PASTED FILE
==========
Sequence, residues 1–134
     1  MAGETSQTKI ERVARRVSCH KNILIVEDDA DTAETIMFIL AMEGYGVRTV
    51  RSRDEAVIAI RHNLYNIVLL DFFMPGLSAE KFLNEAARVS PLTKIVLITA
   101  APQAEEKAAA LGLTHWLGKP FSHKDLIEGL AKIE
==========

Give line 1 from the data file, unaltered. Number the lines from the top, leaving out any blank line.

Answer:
Sequence, residues 1–134